Nevus Cavernosus
Niemann-Pick Disease

Normal Pressure Hydrocephalus


Occipital Neuralgia
Ohtahara Syndrome
Olivopontocerebellar Atrophy
Opsoclonus Myoclonus
Orthostatic Hypotension

O'Sullivan-McLeod Syndrome
Overuse Syndrome


Pain - Chronic
Pantothenate Kinase-Associated Neurodegeneration
Paraneoplastic Syndromes
Parkinson's Disease

Paroxysmal Choreoathetosis
Paroxysmal Hemicrania
Pelizaeus-Merzbacher Disease
Pena Shokeir II Syndrome

Perineural Cysts
Periodic Paralyses
Peripheral Neuropathy
Periventricular Leukomalacia
Persistent Vegetative State

Pervasive Developmental Disorders
Phytanic Acid Storage Disease
Pick's Disease
Pinched Nerve
Piriformis Syndrome

Pituitary Tumors
Pompe Disease
Postherpetic Neuralgia

Postinfectious Encephalomyelitis
Post-Polio Syndrome
Postural Hypotension
Postural Orthostatic Tachycardia Syndrome
Postural Tachycardia Syndrome

Primary Dentatum Atrophy
Primary Lateral Sclerosis
Primary Progressive Aphasia
Prion Diseases
Progressive Hemifacial Atrophy

Progressive Locomotor Ataxia
Progressive Multifocal Leukoencephalopathy
Progressive Sclerosing Poliodystrophy
Progressive Supranuclear Palsy

Pseudo-Torch syndrome
Pseudotoxoplasmosis syndrome
Pseudotumor Cerebri
Psychogenic Movement


Ramsay Hunt Syndrome I 
Ramsay Hunt Syndrome II
Rasmussen's Encephalitis
Reflex Sympathetic Dystrophy Syndrome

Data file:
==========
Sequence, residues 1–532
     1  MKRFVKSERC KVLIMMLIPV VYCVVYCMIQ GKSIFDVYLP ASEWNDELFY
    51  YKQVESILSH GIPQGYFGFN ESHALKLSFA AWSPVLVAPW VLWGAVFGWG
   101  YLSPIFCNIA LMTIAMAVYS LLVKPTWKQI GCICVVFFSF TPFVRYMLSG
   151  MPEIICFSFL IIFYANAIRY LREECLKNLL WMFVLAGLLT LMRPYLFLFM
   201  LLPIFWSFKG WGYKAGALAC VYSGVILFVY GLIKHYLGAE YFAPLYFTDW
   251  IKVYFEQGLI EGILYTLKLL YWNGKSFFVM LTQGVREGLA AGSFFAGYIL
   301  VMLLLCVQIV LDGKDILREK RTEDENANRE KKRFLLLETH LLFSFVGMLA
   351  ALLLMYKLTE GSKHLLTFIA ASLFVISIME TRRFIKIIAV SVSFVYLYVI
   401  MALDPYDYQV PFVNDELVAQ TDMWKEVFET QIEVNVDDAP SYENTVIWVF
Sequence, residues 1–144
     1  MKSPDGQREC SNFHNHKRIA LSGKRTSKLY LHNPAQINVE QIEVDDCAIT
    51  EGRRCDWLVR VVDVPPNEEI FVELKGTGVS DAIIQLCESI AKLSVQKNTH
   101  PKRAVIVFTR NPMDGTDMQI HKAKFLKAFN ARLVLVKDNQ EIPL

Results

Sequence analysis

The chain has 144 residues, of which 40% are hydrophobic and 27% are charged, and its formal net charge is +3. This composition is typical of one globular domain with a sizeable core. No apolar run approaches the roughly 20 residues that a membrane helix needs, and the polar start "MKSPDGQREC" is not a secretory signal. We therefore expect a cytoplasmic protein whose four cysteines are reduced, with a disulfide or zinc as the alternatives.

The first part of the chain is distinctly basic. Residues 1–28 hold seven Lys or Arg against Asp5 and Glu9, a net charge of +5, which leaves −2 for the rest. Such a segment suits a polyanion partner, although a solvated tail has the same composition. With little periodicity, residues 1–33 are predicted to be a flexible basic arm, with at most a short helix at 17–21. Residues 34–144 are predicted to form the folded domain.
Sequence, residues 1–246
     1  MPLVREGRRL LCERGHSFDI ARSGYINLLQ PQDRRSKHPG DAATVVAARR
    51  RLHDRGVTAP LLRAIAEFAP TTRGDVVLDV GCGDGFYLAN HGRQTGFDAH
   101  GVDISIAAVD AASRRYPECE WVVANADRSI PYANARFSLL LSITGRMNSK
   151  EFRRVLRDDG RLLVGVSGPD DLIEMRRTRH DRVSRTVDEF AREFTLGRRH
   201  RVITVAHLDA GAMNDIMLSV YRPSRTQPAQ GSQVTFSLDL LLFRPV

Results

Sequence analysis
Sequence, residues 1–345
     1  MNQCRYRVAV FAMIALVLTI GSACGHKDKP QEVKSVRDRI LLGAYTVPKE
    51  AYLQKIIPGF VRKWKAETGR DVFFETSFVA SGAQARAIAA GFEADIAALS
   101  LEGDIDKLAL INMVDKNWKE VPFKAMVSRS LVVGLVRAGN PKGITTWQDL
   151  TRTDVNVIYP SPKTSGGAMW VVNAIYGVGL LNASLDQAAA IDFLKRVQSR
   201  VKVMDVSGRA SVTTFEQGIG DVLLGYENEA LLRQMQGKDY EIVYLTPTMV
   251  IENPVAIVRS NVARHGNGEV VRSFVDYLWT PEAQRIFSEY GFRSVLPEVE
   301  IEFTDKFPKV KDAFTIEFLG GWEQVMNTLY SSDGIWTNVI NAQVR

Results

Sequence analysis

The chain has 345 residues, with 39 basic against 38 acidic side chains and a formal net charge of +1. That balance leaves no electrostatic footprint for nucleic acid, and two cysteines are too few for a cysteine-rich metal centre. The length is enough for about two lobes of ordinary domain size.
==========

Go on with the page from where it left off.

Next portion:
Refsum Disease

Refsum Disease - Infantile
Repetitive Motion Disorders
Repetitive Stress Injuries
Restless Legs Syndrome
Retrovirus-Associated Myelopathy

Rett Syndrome
Reye's Syndrome
Rheumatic Encephalitis
Riley-Day Syndrome


Sacral Nerve Root Cysts
Saint Vitus Dance
Salivary Gland Disease
Sandhoff Disease
Schilder's Disease

Seitelberger Disease
Seizure Disorder
Semantic Dementia
Septo-Optic Dysplasia

Severe Myoclonic Epilepsy of Infancy (SMEI)
Shaken Baby Syndrome
Shy-Drager Syndrome
Sjögren's Syndrome

Sleep Apnea
Sleeping Sickness
Sotos Syndrome
Spina Bifida

Spinal Cord Infarction
Spinal Cord Injury
Spinal Cord Tumors
Spinal Muscular Atrophy
Spinocerebellar Atrophy

Spinocerebellar Degeneration
Steele-Richardson-Olszewski Syndrome
Stiff-Person Syndrome
Striatonigral Degeneration

Sturge-Weber Syndrome
Subacute Sclerosing Panencephalitis
Subcortical Arteriosclerotic Encephalopathy
SUNCT Headache
Swallowing Disorders

Sydenham Chorea
Syphilitic Spinal Sclerosis

Systemic Lupus Erythematosus


Tabes Dorsalis
Tardive Dyskinesia
Tarlov Cysts
Tay-Sachs Disease
Temporal Arteritis

Tethered Spinal Cord Syndrome
Thomsen's Myotonia
Thoracic Outlet Syndrome
Thyrotoxic Myopathy
Tic Douloureux

Todd's Paralysis
Tourette Syndrome
Transient Ischemic Attack
Transmissible Spongiform Encephalopathies
Transverse Myelitis

Traumatic Brain Injury
Trigeminal Neuralgia
Tropical Spastic Paraparesis
Troyer Syndrome

Tuberous Sclerosis


Vascular Erectile Tumor
Vasculitis Syndromes of the Central and Peripheral Nervous Systems 
Von Economo’s Disease
Von Hippel-Lindau Disease (VHL)
Von Recklinghausen's Disease

WWallenberg's Syndrome
Werdnig-Hoffman Disease
Wernicke-Korsakoff Syndrome
West Syndrome

Williams Syndrome
Wilson Disease
Wolman’s Disease 


X-Linked Spinal and Bulbar Muscular Atrophy

Zellweger Syndrome